Category Archives: Uncategorized

Help! The Fabrics Ate My Shirt!

Goodbye, shirt! Thank goodness this was a one-time thing, and that Yechiel is a super-safe student.

Goodbye, shirt! Thank goodness this was a one-time thing, and that Yechiel is a super-safe student.

One of the most frustrating moments in a class is when, after executing a lovely Plummeting Whore or Crap-tastic rolldown, the fabric eats your shirt.

“Wretched fabric!” you shriek. “Why why WHY???!!!!”

Well, because you fed it.

Please Don’t Feed the Fabric

It’s a toughie, right? You want to put on a T-shirt with sleeves for armpit-catching drops, but you don’t want to wind up dangling by a knot on your back. What to do, what to do? Fear not, friend – you’ve got options.

  • Choose a sleeved unitard or leotard with leggings. This is the best way to avoid getting caught, but not necessarily the most fashionable. That said, you won’t be performing in a t-shirt – get used to it!
  • Go up, not down. Instead of trying to slide below the knot, straddle back to an invert, arch through to a straight-legged bird’s nest, or do a nice pull-up and draw your knees to your chest. Any of these should get the fabric to release.
  • Lean out. If your forearms are toast, try this: wrap your feet securely, grab one pole, and bring your opposite arm forward between the silks. Now, reeeeeeach forward (no “forward” = caught in the knot, so don’t be half-assed here).
  • Tie up your boobies. If you’re doing crap-tastic rolldowns (aka “windmills” or “cartwheels”), and you insist on wearing a shirt, pull it up and tie it under your charms.

 

Getting Caught is Up to You

While I have oodles of sympathy for the unexpected ruined shirt, I have to tell you – a bad “binding” can be super stressful for teachers. Depending on the rigging situation in your studio, getting you down can be an ordeal if you can’t get yourself free, putting you in a crummy (read: potentially dangerous) situation and eating up class time. If you find yourself trussed up like a turkey on a regular basis, you are giving your poor teacher premature gray hairs. Quit it. Put on your sassiest leggings, grab a snazzy leotard, and get going! Love and pull-ups, Laura
 
 

 

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Home Aerial Rigs of Your Very Own!

In the spirit of full disclosure, I’m being lazy today and letting someone else essentially write my post for me. BUT, many (many many) of you have written and asked for info on this topic, so everyone wins!

The following is a PDF excerpt from the book “Rigging: Essentials for Aerialists” by Steven Santos, which I think is an excellent resource and I highly recommend for all aerialists and aerial students – get it here. In the meantime, dig in! Love and pull-ups, Laura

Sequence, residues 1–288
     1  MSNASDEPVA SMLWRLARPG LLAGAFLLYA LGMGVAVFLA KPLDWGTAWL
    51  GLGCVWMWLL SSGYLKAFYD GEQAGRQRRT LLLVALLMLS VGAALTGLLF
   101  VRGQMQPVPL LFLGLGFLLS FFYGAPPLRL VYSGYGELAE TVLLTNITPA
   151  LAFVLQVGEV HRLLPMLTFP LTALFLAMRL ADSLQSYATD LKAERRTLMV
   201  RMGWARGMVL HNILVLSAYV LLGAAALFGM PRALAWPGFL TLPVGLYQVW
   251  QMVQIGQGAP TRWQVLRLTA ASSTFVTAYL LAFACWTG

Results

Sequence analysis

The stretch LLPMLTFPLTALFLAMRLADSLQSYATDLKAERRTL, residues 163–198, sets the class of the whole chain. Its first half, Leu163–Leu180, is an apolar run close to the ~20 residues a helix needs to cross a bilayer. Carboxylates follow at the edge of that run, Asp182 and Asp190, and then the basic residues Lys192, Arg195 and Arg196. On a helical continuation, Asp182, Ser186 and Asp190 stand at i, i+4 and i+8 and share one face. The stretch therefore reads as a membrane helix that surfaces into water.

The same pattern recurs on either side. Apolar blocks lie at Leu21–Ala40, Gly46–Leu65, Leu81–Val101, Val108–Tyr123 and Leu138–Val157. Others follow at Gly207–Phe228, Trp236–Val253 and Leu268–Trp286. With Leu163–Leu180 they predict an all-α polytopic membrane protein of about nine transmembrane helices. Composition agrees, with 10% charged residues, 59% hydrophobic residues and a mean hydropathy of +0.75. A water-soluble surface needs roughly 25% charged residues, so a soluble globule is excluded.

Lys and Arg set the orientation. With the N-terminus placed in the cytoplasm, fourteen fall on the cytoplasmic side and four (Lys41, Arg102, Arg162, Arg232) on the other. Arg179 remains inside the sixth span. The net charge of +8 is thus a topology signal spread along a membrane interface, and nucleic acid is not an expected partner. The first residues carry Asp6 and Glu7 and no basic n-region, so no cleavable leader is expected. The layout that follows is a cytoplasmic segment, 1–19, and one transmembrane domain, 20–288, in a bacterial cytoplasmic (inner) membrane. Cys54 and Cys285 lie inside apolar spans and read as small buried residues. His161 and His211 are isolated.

Download the PDF here!
 

 

 

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Stop Kicking the Fabric. No – Really – Stop!

Hello Dear Danglers! Let’s chat about something that has made many an aerial instructor completely insane. Unless your fabric has done something truly unspeakable to you, don’t -I repeat don’t – kick it out of the way before completing an inversion. Is that kind of violence really necessary? I think not.

To invert with fabrics together, simply sweep the legs to one side and straddle back cleanly. When inverting with one fabric in each hand, stop – wait a minute. Hold your hands directly in front of your shoulders, and give the fabric just a second (or three) to part. If the fabric becomes tangled, and inverting with straight legs is not possible, bend the knees into a froggy-style invert.

It’s a simple fix, lovelies! Go forth, and invert like the powerful danglers you are!!! Love and pull-ups, Laura
 

 

 

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“I Am Surely About To Die” – Pre-Show Jitters and How to Cope

German Wheel Wishbone

 

Hello Dear Danglers! I’m writing in hopes that you may recognize a bit of this in your own pre-show musings, and realize that everyone – everyone – has moments of doubt, paralyzing terror  fear, and despair when it comes to doing what we love in front of Other People.

 

Terror Wheel

I’m currently in Chicago, preparing to compete in German Wheel national trials. If I don’t fall on my head (you laugh, but this is an alarmingly real possibility), I may do well enough to join Team USA in Italy in June to compete against top German wheelers from around the world – the thought makes me want to guffaw and barf all at the same time. See, this time, my performance has real consequences. Usually, the worst thing that happens with a crummy run is that my ego is bruised, but here – OMG – I WILL ACTUALLY, LITERALLY BE JUDGED BY PEOPLE SITTING BEHIND A TABLE SCORING MY WORK WITH POINTS! POINTS!!!!! Is that not the most horrifying thing you’ve ever heard? (#hyperbole) To say that this is producing a bit of anxiety in me is like saying that the Pope is a bit Catholic, or that my students are a bit sassy. It is the most astonishing amount of very real, very tangible fear. So, how will I make it through without crying copious quantities of hiccup-y tears? …. I don’t know.

 

What I DO Know

Different things work for different people at different times, and I don’t know what will be most useful in the coming days, but I DO have a little grab-bag of coping strategies! Here are a few that have kept me sane thus far.

  • Everyone wants you to succeed. Really. Your audience wants you to succeed! Even if you’re in competition with others, your competition does not really wish you ill (they just want to do better than you – it’s not the same thing). Imagine them all cheering you on, and watch for all the little “thumbs up” you find yourself seeing all over the place.
  • Staaaaaay present. I am the worst – the worst – at this. Anxiety is all about “futurizing” – projecting your fears into an imagined future. It’s not real. Remember – while this kind of thinking is encoded in your DNA (it was veeeeery helpful if you were a caveman on the savanna), it’s not going to help you now. Go google “how to stay present” and do all the things. All of ’em. Whatever it takes. 😉
  • Focus on others. It’s really hard to wind yourself up too much if you’re focused on others. How can you help? The more you can get your mind off yourself and onto serving, the less time you have to rev your engines and flood your body with more stress hormones!
  • Rally the troops! Call your people! Huddle with your show partner, post about your fear on social media, call your mom, whatever. People want to be there for you, so let them! Feel the love.